It has long been known that hormonal contraceptives diminish a woman’s natural sexual drive (also called ‘libido’). Now there is real life evidence that the Pill also affects a woman’s partner choice.
In a study published in Royal Society B: Biological Sciences, the authors speculate that hormonal contraceptive use before marriage could have a long lasting impact on marital satisfaction and outcomes. In previous laboratory studies, women using hormonal contraceptives showed a weaker preference for masculine men. These men typically have lower testosterone levels and so tend to be more supportive, have a weaker sex drive and are less likely to have an extra-marital affair. The effect reversed when Pill use was discontinued leading the women to feel sexually dissatisfied with their partners.
To examine the effect in real life, psychologists used an online survey of more than 2,500 women who were asked to reflect on the father of their first child. According to the results, those mothers who used the Pill while choosing their partner were happier with non-sexual aspects of their relationship like their mate’s financial support, but were less attracted to him and less sexually satisfied. They were less likely to divorce over all, but among those who did, the woman was more likely to be the initiator.
What might we conclude from these results?
Firstly, Pill use has significant effects on the relationship. The authors and a number of commentators suggest that before the wedding, women discontinue Pill use so that they can assess whether they are still sufficiently attracted to their future husband. This may prevent them marrying that person, but it won’t be without substantial heartache. Much better to avoid Pill use altogether during the dating period and avoid falling in love with someone to whom you are not attracted. Of course, if the Pill effects a woman’s attraction to a mate before marriage, it will do the same afterwards. Therefore Pill use at any stage of a relationship, both before and during marriage is risky in this regard.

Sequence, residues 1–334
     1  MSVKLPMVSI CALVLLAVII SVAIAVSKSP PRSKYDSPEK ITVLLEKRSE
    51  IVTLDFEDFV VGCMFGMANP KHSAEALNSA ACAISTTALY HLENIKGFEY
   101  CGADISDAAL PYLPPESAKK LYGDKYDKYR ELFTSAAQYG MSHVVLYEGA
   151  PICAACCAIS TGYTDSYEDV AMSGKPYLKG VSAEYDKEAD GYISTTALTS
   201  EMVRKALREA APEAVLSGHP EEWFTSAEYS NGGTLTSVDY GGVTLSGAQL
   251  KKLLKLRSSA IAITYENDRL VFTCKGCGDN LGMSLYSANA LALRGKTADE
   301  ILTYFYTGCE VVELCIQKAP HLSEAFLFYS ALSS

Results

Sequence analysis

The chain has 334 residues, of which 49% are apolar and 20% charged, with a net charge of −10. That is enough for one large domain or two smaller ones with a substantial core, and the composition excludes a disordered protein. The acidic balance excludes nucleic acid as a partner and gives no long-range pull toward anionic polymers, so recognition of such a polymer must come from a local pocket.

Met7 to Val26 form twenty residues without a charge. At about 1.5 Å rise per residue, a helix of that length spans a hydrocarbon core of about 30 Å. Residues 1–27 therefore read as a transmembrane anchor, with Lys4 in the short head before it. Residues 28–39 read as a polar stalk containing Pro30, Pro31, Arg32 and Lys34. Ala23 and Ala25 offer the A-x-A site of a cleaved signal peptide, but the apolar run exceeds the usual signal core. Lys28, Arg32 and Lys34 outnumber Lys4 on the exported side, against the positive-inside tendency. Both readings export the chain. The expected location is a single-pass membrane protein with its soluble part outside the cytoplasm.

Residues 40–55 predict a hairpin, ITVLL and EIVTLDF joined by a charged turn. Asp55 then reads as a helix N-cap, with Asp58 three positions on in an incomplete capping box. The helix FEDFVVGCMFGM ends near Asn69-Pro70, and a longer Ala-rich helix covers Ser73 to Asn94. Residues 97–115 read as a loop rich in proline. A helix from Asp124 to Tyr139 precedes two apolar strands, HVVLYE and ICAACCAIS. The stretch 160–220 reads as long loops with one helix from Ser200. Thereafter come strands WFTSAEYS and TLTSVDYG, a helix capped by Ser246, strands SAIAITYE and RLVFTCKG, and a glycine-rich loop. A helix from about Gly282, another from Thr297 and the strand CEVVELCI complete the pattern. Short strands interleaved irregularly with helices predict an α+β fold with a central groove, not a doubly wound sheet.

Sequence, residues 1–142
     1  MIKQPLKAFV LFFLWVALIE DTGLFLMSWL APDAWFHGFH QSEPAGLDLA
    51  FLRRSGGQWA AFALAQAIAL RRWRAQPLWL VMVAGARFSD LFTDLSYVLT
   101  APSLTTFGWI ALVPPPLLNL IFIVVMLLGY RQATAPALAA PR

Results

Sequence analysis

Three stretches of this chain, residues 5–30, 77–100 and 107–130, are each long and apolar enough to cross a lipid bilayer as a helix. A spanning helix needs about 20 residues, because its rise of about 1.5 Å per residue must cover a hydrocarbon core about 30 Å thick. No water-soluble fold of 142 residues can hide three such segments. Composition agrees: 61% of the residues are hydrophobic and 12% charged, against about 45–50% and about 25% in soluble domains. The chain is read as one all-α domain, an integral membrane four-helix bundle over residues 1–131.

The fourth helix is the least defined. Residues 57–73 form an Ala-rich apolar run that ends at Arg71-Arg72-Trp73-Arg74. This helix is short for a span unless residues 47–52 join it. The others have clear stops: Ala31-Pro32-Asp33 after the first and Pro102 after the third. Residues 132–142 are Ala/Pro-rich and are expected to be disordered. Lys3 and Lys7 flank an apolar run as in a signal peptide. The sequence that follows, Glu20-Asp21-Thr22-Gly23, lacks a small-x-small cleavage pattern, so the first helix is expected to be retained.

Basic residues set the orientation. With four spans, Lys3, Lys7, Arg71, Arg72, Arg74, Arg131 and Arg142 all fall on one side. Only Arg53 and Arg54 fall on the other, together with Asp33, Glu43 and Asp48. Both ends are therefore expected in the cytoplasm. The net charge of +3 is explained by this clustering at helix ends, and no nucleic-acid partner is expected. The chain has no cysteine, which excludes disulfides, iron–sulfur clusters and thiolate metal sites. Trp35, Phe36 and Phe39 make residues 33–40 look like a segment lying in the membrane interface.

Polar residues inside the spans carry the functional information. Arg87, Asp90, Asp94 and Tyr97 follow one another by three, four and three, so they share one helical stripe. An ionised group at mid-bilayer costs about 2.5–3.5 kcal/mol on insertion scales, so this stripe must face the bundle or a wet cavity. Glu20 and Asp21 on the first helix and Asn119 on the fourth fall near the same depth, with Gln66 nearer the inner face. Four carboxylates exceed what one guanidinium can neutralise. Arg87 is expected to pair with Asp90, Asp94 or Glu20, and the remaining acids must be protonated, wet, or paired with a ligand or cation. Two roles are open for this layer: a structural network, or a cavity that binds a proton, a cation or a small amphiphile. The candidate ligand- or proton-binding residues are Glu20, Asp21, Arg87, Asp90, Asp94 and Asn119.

Secondly, it’s instructive to note that what initially attracts women to a mate (the high testosterone masculinized male) are not the qualities that seem to be valued once children come along where financial provision, fidelity and emotional availability become more significant. In the mate selection process, sexual attractiveness is often over rated while the important parental virtues (that can seem to be so far in the future) are regularly under examined. Perhaps single women would be well advised to examine their criteria for mate selection in view of these findings. Sometimes, the most marriageable men are not the studs that win the attention of the ladies.
Finally, the study did not examine the impact of pill use on the women’s partners. For many species in the animal kingdom, pheromones (chemical signals transmitted by sense of smell) are released when the females are fertile to attract the attention of the males who are otherwise disinterested in copulation. The results beg the question… does pill use affect a man’s attraction to a woman and does it change when she discontinues use?